• CF“Have you heard of the dog that didn’t bark?” It’s just as valuable to report on the negative stories that you kept out of the news as it is to talk about the things that went well.
  • BL“What we do doesn’t exist in a vacuum, public relations is part of a marketing mix – we are all working towards the same common goal and all have a role to play.”
  • MG“Don’t measure what you can’t influence.” We shouldn’t be trying to measure something like sales figures if it’s something that our activity cannot directly influence.
  • ASP“Try to have more strategic conversations than tactical ones; the why not the how. Ask yourself, ‘so what?’” You need to consider what this metric or this piece of information means to you or the client.
  • BL“Measurement is something that is designed to improve what we do, not just to say how great we are.” Look at the positive and negatives when researching and evaluating.
  • ASP“The timeframes of the campaign can be a hinderance. Perhaps we should be looking three weeks, three months or more after the campaign for measurement.” Think about when and for what period of time you should be measuring your work. Should you re-evaluate in a week, a month, or a year’s time to see if you’ve brought about change?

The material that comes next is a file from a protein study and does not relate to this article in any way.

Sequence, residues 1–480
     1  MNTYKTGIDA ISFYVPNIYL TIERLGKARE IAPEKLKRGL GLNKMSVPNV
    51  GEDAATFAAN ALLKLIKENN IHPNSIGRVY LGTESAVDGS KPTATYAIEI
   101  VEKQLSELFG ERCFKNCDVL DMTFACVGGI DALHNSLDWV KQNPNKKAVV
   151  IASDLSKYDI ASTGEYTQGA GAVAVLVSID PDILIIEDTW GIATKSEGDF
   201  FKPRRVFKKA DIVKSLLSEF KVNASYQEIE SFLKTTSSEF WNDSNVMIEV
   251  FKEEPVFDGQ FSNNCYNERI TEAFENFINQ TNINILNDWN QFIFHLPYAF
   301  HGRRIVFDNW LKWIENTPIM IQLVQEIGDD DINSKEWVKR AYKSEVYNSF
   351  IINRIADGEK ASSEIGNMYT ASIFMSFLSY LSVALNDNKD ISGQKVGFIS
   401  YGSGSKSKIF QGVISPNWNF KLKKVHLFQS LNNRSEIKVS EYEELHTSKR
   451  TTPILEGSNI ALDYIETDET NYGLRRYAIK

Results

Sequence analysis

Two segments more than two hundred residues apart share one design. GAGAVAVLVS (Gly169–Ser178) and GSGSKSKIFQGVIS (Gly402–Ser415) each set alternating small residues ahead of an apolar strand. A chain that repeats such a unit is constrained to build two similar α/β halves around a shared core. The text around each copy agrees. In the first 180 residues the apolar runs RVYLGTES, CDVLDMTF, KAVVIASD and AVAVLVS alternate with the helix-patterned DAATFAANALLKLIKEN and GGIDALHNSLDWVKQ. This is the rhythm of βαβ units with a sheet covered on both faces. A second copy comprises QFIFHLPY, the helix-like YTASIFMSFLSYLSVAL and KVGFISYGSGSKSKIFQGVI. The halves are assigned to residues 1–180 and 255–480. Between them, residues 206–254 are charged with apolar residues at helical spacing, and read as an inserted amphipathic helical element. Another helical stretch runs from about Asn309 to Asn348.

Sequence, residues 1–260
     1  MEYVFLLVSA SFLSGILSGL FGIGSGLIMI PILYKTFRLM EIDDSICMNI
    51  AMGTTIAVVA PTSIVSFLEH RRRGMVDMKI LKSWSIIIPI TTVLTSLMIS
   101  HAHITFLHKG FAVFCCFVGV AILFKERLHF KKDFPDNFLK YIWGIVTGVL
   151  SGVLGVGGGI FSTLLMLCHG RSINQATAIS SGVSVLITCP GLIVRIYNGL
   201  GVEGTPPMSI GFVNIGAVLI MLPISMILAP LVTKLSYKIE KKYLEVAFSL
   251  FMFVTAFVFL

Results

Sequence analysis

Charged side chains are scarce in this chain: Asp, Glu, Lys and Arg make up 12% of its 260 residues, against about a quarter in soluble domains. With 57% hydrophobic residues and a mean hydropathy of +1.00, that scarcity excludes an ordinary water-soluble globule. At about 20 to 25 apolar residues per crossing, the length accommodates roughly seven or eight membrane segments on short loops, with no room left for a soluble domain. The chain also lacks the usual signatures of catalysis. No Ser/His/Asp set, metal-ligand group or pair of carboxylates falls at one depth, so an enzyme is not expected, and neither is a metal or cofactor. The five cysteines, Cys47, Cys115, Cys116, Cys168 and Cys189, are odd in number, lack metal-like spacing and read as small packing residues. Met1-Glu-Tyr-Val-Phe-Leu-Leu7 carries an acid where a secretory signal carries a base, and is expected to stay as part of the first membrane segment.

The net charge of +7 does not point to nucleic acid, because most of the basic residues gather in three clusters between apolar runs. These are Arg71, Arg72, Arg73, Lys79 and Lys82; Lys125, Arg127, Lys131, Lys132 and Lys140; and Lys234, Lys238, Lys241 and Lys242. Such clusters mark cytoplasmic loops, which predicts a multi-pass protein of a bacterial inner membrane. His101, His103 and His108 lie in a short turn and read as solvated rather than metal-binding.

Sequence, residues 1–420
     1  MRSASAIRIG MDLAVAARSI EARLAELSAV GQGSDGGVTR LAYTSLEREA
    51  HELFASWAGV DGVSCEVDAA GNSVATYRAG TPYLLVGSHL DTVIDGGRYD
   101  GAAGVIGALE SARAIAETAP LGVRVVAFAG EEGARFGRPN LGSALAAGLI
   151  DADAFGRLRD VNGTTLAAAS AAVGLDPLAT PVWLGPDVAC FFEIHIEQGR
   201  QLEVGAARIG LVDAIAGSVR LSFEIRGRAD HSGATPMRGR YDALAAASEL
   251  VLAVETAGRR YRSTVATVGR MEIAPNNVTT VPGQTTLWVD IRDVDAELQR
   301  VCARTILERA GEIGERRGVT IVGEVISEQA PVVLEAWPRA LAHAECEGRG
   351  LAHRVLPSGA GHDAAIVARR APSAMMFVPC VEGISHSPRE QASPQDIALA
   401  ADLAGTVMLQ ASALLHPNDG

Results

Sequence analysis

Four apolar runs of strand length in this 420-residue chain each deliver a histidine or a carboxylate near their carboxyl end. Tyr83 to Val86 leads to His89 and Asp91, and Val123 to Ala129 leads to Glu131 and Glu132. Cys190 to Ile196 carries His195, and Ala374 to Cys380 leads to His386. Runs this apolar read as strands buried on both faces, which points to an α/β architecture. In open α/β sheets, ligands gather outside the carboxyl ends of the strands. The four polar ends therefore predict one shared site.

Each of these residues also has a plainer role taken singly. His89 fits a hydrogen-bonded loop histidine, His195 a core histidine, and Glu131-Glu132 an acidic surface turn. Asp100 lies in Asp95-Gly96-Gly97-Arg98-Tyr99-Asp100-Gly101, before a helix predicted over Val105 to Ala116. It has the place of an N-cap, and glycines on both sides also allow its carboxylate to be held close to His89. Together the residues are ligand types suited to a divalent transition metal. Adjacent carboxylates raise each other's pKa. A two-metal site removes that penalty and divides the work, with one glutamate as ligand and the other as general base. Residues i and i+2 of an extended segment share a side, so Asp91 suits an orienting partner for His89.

• CF“Any of those metrics used in isolation can become meaningless, so use them together and link back to organisational objectives.” Not only is it essential to measure what matters, but also to ensure you are using alongside the right data and evaluating with objectives in mind.

Avoid data overload

“There has always been a lot of data, but we now have the tools to measure every single insight if we want” said Rachel Lockwood, Marketing Director at SAS. She encouraged that, to measure effectively, you should first be very clear on the message that you are trying to get across – what do you want your audiences to take away?